I’ll be the first one to admit that I suck at anything artsy and creative. Beyond maybe a few creative classes and functions in my code, all graphics and sound in my games and apps are outsourced. I prefer math-y programming tasks. But after finishing my upcoming iOS app Dev Docs, I knew I had to buckle down and make an app trailer. I’ve honestly had lackluster marketing efforts in the past. It was time to take the leap. I filmed and edited the whole freakin’ thing.
For all you math nerds like me out there, it’s actually not that bad.
Here’s what I learned through the process:
I’ve found that there are 3 main steps to creating a trailer or commercial for your iOS app or game:
Let’s walk through each of these steps.
Although it’s slightly cliché, you’re going to want to outline some goals for your video. Ask yourself these questions:
- What features of my app do I want to showcase?
- What emotions do I want my video to provoke? Interest? Excitement? Hope?
- Am I creating a trailer or commercial?
I think that last question is essential (mainly because it’s something I missed with my video): are you trying to demonstrate what your app does with a trailer, or are you making a commercial to convince customers to buy? Trailers and commercials definitely overlap, but there’s also a clear distinction. The app store guidelines state that if you want to include a trailer with your metadata, then it needs to be more like a trailer with app footage as opposed to a commercial. I didn’t really know which one I was going for when I started, and in the end it became a commercial. Is that a problem? Not necessarily, but now I don’t have anything to submit to Apple for app store marketing purposes.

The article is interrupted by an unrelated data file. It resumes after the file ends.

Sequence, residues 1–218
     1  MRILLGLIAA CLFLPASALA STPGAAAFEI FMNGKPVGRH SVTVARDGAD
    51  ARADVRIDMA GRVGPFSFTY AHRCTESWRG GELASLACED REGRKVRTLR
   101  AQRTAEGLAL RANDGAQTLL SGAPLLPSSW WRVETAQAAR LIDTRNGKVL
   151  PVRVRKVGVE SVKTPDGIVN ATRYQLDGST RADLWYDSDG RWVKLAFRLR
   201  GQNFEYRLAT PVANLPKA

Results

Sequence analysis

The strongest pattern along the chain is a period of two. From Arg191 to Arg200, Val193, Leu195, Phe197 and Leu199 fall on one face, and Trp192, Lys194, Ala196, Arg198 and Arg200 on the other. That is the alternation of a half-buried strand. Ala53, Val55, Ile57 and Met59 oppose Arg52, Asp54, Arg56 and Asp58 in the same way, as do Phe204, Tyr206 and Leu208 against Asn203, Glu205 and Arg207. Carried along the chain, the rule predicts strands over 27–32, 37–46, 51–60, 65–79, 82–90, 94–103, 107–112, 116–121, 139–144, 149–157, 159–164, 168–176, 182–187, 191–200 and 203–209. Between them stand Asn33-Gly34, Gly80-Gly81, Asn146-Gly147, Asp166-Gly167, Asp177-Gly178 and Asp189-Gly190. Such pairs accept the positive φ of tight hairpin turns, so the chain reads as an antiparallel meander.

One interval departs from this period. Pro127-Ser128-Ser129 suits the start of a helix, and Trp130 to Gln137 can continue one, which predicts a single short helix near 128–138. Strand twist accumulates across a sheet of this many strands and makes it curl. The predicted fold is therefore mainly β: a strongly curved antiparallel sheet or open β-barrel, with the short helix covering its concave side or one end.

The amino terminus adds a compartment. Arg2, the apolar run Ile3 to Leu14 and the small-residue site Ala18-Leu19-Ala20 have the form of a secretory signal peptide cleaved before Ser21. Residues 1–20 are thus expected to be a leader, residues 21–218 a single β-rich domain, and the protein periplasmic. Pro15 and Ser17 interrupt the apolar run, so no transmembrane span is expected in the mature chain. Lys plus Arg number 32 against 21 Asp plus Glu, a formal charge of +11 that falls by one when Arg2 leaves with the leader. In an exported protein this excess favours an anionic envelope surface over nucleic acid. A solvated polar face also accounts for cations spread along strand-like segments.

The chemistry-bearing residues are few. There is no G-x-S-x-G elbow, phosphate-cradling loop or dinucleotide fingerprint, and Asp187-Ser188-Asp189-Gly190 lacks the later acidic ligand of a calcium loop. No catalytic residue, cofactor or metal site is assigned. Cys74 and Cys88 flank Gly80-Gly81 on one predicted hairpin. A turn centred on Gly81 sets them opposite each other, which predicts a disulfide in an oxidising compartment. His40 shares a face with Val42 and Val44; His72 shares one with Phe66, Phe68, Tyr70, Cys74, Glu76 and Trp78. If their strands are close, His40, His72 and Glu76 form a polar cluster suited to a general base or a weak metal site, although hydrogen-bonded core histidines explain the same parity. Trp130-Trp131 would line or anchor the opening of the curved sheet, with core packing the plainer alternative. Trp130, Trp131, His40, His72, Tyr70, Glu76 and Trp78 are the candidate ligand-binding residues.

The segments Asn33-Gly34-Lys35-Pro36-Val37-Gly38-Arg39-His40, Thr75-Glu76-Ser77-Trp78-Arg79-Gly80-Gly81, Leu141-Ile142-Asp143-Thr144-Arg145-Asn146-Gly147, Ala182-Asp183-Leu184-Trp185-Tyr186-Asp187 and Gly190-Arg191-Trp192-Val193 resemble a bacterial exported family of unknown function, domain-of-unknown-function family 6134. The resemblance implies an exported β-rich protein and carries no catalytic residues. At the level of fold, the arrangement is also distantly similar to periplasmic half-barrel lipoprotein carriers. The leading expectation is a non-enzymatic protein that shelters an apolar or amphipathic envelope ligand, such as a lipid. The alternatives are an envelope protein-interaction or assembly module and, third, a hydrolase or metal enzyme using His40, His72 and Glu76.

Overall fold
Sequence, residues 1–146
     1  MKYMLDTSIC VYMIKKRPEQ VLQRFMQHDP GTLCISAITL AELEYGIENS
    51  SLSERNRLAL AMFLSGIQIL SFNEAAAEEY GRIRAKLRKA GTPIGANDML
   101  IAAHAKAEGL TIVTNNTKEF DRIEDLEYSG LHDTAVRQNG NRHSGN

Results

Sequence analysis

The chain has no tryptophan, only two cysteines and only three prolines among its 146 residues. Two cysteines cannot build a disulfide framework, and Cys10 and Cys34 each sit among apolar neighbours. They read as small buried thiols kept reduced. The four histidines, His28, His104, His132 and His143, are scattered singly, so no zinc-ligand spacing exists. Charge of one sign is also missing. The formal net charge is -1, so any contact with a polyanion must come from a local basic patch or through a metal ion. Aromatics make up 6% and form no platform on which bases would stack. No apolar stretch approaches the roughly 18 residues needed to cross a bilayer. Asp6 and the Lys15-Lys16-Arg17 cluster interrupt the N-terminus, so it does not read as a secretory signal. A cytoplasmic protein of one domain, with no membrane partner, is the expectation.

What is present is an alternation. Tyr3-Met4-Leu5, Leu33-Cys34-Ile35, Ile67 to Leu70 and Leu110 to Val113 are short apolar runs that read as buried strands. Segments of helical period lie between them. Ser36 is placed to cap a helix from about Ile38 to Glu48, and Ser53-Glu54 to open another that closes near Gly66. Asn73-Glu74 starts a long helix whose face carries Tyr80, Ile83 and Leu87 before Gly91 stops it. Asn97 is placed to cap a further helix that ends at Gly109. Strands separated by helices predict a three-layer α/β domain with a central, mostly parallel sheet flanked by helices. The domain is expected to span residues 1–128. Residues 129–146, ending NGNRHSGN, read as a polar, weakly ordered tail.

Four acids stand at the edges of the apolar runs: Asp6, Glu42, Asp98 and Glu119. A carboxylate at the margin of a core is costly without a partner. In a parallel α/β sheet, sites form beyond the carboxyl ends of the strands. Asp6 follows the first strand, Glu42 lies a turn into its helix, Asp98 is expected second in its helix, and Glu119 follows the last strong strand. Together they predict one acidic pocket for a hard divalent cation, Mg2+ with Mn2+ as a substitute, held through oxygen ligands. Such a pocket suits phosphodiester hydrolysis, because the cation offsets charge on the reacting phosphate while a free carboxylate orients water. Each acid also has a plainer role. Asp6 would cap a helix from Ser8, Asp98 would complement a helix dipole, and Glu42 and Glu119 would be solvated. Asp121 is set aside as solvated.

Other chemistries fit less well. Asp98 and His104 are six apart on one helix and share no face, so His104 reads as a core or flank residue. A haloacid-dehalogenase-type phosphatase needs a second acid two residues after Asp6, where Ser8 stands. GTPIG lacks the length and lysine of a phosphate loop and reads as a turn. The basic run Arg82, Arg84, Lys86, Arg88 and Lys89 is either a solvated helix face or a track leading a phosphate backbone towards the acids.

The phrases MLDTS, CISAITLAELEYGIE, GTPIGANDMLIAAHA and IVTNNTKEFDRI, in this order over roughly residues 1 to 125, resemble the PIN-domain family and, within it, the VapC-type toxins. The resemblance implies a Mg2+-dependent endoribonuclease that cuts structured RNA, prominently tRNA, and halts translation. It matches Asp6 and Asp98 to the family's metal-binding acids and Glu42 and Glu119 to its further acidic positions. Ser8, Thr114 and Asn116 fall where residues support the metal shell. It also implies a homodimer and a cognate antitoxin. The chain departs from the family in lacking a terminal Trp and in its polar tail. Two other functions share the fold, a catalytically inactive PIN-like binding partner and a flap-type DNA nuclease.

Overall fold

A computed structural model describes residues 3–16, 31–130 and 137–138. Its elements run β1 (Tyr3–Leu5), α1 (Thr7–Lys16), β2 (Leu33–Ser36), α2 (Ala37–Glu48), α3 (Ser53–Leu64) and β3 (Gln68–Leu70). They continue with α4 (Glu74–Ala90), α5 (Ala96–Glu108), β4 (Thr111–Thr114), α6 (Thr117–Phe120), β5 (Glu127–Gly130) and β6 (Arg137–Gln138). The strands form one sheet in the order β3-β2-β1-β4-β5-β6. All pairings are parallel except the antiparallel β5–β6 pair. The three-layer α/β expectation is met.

If you’re deciding between a trailer and commercial, I’d like to bring up a business concept called feature/benefit marketing. A feature of a product is the actual usage of the product. In the case of apps, it would be the functionality, UI, etc. The benefits are how the consumer is impacted, like enjoyment or productivity. Consider whether the features or benefits of your app are more enticing.
Another design decision you’re going to want to make ahead of time is what kind of audio your video is going to have. Music? Narration? Both? I found some great, inexpensive music over at premiumbeat.com, and I hear that you can get some decent voiceovers done at fiverr for $5.
Once you’ve outline a solid direction for your video, you’re going to want to create a storyboard for your video. In case you’re a total video production n00b, a storyboard is a short outline of the flow of a video or movie. It usually takes the form of a grid and contains a quick sketch and description of each scene. I know I dropped the ball on the goal setting for my video, but my storyboard worked out really well for my app video. Here are some storyboard templates if you need some. I just drew a 4×3 grid in my handy dandy notebook, which was sufficient for my needs. Your scenes can be real life film footage recorded with a camera, like my commercial approach, or specific in app footage. I chose the music I was going to use prior to making my storyboard, and I would highly recommend taking this approach. You can construct your scenes based on the build up and climax of the song to maximize the impact of your video.